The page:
In 2008 the country was on the verge of a revolution. The Bush administration had prolonged the war in Iraq and America’s global standing was at an all-time low. A man who in all likeness was the complete foil of the Bush administration appeared. Barack Obama was seen as the symbol of hope for a wayward and war-weary America. Black voters turned out at previously unseen levels to swear in the new Commander-in-Chief. America had been bestowed with softer and more representative face, one that promised to end wars and bring about new prospects for the future.
Yet Obama ultimately presided over new conflicts in the Middle East, expanded the drone strike program, expanded the reach of the security state, and most of all was unable to articulate a ground-breaking and critical narrative about race. In many ways, he was bound by the poisonous racial politics that many thought he would be able to dismantle, or at least seriously undermine.
Like the President-elect Donald Trump, Obama’s political profile was symbolic and ironic. Both these individuals occupy a space at the tenuous intersection of American self-image and American aspiration. The former idea evokes narrative, the stories and myths that Americans believe about their country in an almost providential sense. Unquestioned assumptions about benign patriotism and America as land of opportunity for people who work hard create a fairly consistent notion of the American dream. American aspirations on the other hand, ideas about what America should be, open up the many divisions in American society.
In many ways the presidential race is about who can evoke the best story, or perhaps, whose narrative is the most appealing. Presidential candidates make choices about whose aspirations matter, as they push and pull social forces for the sake of attracting votes. Obama and Trump appeal to aspirations that are in tension with one another. The general polarization along political, racial, urban-rural, and class lines makes it nearly impossible for one President to embody the wishes of some, without being perceived as disavowing the wishes of others. As campaigns quest to persuade and entertain the fancies of a disparate electorate, the presidential races must increasingly appeal to celebrity and mass media in order to tap into non-tangibles that may not always be productive or internally consistent.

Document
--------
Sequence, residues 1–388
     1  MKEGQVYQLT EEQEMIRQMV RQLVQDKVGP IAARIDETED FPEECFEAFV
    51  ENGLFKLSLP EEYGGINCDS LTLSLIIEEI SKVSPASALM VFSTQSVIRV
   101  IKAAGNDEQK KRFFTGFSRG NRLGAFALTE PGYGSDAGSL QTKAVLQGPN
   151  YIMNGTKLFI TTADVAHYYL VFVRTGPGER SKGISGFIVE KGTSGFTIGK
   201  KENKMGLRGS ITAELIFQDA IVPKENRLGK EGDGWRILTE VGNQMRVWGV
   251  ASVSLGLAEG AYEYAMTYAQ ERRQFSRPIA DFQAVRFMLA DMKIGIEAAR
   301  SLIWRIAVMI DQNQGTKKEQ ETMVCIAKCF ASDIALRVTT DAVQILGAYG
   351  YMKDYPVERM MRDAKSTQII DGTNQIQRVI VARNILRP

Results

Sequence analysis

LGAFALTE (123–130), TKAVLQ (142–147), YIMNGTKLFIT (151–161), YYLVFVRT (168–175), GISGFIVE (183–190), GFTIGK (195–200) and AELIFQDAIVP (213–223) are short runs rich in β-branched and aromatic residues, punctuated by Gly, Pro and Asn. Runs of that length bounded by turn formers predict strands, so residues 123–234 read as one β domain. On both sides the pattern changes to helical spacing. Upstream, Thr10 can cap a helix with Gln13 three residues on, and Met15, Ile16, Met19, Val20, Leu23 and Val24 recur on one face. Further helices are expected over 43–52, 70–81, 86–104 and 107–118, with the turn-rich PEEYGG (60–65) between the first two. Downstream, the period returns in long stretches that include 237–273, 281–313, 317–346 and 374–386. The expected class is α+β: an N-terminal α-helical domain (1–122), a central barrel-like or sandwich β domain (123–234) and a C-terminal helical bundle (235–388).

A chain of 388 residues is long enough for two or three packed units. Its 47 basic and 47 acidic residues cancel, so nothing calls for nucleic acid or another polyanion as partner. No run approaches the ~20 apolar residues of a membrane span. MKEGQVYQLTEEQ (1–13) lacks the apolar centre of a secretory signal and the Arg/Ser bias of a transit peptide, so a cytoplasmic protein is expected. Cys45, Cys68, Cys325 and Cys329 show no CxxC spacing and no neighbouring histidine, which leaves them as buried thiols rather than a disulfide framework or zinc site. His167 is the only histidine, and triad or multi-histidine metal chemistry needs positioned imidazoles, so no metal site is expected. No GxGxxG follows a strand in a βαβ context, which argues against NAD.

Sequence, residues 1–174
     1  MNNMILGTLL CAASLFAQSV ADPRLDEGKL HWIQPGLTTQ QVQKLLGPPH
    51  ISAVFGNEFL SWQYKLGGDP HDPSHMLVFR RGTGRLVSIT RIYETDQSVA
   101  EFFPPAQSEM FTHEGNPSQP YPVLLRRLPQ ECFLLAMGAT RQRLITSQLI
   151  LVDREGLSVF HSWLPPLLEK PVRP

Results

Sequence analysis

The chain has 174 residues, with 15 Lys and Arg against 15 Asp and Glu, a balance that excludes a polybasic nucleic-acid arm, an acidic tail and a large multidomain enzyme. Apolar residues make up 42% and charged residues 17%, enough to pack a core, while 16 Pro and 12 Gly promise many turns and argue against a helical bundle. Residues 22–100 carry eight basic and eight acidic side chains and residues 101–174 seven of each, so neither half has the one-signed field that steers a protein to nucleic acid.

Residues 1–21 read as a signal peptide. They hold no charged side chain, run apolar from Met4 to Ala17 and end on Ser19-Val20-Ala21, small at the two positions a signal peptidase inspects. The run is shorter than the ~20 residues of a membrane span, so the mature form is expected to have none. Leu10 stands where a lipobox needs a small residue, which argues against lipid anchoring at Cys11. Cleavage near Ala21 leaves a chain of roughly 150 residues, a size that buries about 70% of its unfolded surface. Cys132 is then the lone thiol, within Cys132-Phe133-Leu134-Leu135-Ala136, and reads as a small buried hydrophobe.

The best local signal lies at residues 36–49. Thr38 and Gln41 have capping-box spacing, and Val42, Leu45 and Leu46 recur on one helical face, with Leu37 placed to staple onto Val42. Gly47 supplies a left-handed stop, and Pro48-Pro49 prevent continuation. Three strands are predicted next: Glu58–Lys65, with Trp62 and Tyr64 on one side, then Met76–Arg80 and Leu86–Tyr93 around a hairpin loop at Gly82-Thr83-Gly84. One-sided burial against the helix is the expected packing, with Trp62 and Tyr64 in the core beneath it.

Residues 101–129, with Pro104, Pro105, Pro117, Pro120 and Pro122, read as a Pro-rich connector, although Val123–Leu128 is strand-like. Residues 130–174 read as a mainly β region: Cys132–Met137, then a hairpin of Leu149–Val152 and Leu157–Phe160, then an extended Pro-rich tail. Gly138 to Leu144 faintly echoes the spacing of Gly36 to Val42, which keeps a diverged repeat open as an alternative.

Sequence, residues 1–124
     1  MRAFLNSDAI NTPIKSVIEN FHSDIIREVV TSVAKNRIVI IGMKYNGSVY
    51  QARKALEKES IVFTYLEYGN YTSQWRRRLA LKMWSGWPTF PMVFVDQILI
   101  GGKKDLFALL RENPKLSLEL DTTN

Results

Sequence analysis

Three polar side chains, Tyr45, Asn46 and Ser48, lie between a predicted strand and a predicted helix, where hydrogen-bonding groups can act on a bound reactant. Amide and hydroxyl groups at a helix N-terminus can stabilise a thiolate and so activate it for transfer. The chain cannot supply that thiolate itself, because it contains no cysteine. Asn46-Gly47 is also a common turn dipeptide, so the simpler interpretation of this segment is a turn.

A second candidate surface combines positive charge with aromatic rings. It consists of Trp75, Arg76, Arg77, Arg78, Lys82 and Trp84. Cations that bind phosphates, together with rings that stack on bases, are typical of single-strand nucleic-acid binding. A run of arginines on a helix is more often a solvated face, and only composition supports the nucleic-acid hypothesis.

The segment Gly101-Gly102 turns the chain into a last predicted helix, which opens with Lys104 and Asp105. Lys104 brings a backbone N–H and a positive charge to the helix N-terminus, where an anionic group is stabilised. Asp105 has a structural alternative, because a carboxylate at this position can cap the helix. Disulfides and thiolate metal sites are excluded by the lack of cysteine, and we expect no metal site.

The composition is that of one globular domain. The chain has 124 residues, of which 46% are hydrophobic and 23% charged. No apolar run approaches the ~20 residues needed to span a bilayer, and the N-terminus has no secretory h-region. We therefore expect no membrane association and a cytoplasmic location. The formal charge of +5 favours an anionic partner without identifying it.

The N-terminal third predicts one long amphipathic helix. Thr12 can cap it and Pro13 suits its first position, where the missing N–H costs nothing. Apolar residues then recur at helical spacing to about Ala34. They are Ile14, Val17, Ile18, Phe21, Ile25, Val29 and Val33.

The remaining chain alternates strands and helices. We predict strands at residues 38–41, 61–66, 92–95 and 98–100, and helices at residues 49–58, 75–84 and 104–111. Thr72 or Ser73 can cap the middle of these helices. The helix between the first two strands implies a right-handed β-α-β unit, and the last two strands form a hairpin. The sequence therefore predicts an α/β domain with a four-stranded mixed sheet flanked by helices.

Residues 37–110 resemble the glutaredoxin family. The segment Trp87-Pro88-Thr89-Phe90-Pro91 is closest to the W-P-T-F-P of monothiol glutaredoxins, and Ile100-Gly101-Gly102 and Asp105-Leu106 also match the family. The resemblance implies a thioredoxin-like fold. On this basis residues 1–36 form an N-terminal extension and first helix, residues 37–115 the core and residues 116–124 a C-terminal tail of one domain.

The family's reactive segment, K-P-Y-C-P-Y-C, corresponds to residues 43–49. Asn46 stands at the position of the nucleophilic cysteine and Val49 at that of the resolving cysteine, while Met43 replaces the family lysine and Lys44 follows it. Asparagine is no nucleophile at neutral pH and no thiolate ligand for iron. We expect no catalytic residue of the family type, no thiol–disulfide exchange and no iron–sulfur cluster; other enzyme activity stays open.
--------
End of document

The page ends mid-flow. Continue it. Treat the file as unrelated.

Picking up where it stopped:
For many, Donald Trump’s Presidency represents the toxic and hateful aspirations of White America lashing out at all the progress made over the past several decades. On some level this is true, as Trump routinely attacked immigrant groups with undeniably racist language and overtures. The disturbing uptick in racially and religiously motivated attacks against vulnerable groups in the past days is directly linked to Trump’s campaign emboldening these violent forces of White supremacy. However, Trump is not unique in playing to white fears and insecurities about the cultural and demographic changes of American society. The organizational base for this rhetoric, the Tea Party, started in 2010, long before Donald Trump was viewed as a serious contender for the presidency.